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The School of Library and Information Science (SLIS) at Indiana University ranks consistently in the top five or ten programs in North America, and its master's and doctoral enrollments are among the largest in the nation. In a recent six-year survey of s cholarly productivity and impact, the school was ranked number one (Library Quarterly, April 2000). The M.L.S. (Master of Library Science) degree has been accredited continuously since 1953. The pioneering M.I.S. (Master of Information Science) degree add s another avenue of entry to the information professions. In addition to these two accredited programs, the school offers a Ph.D. in Information Science, a Specialist (post-master's) degree in Library and Information Science, specializations in African St udies Librarianship, Chemical Information, Music Librarianship, Special Collections, and a dual M.L.S./Doctor of Jurisprudence program with the School of Law. There are also dual master's degree programs with the Schools of Fine Arts, Journalism, Music, a nd Public and Environmental Affairs, and the Departments of Comparative Literature, History, History and Philosophy of Science, Latin American and Caribbean Studies, and Russian and East European Studies. Course work leading to certification in public lib raries and in school media is also available.
At SLIS we bring fresh insights to bear on information design, access, and policy issues by looking at information and information technologies in diverse human contexts. We seek to understand the behaviors, cognitive factors, social practices, media, and tools that foster and hinder effective information use. We place a strong emphasis on the social and behavioral dimensions of information technology.
SLIS has a full-time faculty of 18, supplemented by a distinguished emeritus, visiting, and adjunct faculty.
The School of Library and Information Science is located on the Bloomington campus. All students have access to the extraordinary physical and human resources of Indiana University, including one of the largest university computing networks in the world a nd a university library system that ranks thirteenth in the nation in terms of its holdings. Included in this system is the prestigious Lilly Library, which is internationally known for its rare books, manuscripts, and special collections.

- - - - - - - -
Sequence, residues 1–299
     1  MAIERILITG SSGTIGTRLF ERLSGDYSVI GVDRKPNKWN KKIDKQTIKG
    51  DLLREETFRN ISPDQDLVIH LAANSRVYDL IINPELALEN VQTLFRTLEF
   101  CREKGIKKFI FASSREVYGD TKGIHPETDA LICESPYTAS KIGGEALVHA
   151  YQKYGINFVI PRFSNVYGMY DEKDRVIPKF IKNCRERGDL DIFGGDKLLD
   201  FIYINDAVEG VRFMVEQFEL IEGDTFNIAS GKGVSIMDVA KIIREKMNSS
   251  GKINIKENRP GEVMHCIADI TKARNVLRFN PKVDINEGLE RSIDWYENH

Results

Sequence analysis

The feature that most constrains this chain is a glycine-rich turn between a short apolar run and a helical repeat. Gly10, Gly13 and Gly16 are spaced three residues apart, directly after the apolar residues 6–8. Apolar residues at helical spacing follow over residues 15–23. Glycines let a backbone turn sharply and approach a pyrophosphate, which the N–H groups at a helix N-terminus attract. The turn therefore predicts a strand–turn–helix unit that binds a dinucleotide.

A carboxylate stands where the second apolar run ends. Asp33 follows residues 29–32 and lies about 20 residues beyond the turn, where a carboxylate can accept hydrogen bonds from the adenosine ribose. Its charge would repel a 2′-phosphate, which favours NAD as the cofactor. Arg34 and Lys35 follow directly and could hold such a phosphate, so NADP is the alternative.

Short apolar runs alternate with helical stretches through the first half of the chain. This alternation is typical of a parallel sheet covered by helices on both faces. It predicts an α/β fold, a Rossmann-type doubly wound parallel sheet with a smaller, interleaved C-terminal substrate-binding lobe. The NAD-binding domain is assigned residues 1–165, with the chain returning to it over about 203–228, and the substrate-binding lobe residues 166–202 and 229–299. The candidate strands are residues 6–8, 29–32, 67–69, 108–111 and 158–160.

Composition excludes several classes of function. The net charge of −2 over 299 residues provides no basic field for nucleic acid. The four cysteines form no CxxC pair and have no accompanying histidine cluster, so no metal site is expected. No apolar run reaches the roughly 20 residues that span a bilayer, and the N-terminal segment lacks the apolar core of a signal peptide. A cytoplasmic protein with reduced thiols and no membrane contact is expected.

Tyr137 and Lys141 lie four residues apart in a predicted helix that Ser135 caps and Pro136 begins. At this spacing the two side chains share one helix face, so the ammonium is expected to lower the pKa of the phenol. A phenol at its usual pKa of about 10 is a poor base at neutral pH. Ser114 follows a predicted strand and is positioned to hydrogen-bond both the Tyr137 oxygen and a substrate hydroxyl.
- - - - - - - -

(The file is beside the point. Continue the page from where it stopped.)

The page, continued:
The IU School of Library and Information Science is a member of the Association for Library and Information Science Education, the American Library Association, the American Society for Information Science, and the Special Libraries Association. It mainta ins affiliation with a number of other national and international bodies in library and information science.
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The first organized library science curriculum at Indiana University, a program for the preparation of school librarians, was offered by the School of Education in the summer of 1930. In 1938 this curriculum was expanded and made available in the regular school year as well as during the summer session.
In 1947 the Division of Library Science was established within the School of Education. A basic undergraduate curriculum in library science concerned with the fundamental processes common to all types of libraries was offered as a minor within the four-ye ar program leading to the Bachelor of Arts or Bachelor of Science degree in the College of Arts and Sciences or to the Bachelor of Science in Education degree in the School of Education.
Fifty Years of Graduate Education in Library and Information Science:1949-99
A five-year program leading to the Master of Arts with a major in library science, granted by the Graduate School, was created in 1949, and a Ph.D. program in library and information science was established in 1964.
In 1966 the Trustees of Indiana University established the Graduate Library School and the professional degree Master of Library Science (M.L.S.), replacing the Master of Arts degree granted by the Graduate School. The Specialist degree program was added to the curriculum in 1978. In 1980 the name of the school was officially changed to School of Library and Information Science (SLIS). The addition of the Master of Information Science (M.I.S.) degree in 1995 reflects the school's continuing commitment to change.
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The school provides students with an understanding of the conceptual foundations of librarianship and information science and of the multifaceted nature of the wider information environment. It prepares students with a rich mix of knowledge, attitudes, an d skills necessary to function as critical thinkers and effective communicators. Graduates should have a strong grounding in theory and the ability to translate theory into effective practice.